And “it’s just a joke” can’t excuse everything. Had you made a joke about Barack Obama loving him some fried chicken I’m sure you would have come in for just as much public opprobrium. More importantly, I hope you’d realise that such a joke would be outside the bounds of good taste and therefore not suitable for throwing in as an aside to “tease the left”, no matter how funny or light hearted you believed it to be.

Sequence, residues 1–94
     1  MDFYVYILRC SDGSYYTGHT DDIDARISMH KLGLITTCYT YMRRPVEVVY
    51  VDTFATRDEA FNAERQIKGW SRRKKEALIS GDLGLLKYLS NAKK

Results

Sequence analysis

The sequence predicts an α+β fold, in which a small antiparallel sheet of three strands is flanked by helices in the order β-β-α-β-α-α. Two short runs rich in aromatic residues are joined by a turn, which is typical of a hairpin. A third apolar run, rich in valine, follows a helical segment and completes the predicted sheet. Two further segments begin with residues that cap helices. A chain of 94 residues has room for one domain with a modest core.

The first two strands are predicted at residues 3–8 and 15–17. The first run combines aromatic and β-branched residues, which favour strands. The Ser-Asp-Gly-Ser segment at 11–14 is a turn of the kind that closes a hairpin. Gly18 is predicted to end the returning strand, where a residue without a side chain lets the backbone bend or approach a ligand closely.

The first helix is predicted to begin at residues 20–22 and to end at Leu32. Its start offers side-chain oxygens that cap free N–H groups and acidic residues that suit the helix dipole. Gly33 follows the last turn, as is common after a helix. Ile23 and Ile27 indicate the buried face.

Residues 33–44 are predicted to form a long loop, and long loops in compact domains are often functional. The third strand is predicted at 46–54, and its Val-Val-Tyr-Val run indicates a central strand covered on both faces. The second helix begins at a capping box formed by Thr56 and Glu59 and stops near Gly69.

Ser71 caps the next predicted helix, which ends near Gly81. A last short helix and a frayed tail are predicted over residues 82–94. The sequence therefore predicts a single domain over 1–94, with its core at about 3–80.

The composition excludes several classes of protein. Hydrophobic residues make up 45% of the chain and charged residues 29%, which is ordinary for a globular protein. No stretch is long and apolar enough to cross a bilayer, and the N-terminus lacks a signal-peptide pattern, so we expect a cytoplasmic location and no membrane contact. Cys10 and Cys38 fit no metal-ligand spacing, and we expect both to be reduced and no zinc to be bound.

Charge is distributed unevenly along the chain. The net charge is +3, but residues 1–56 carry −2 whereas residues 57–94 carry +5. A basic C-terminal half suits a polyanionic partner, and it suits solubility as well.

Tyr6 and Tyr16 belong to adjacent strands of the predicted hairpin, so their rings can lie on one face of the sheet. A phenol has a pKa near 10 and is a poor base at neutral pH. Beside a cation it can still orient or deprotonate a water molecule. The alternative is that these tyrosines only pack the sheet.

The problem is, and this is something that a lot of men don’t necessarily *get* because it doesn’t happen to them, is that “minority” classes struggle to deal not just with their reputation as private individuals but with the reputation of their class. Driving is a quick and easy example. If you see a man crash his car into a wall the natural response is rarely “pfft, male drivers, eh? They should stay in the shed.” Women – and blacks, muslims, homosexuals etc – constantly find themselves under scrutiny not just for what their actions say about them but what their actions say about everyone they are being lumped into. Thus when a person takes offense that person is lumped into a discounted group, those “angry” feminists who are insufficiently quiet and who have the audacity to tell men that they’re being rude. And when confronted by such a person, the natural reaction appears to be to lump that person into the group with Jacqui Smith – “her point may have been valid or invalid, but before we get to that, did I mention that I wouldn’t have sex with her?” And we needed that information why, exactly, to help us with our value judgement of her personality?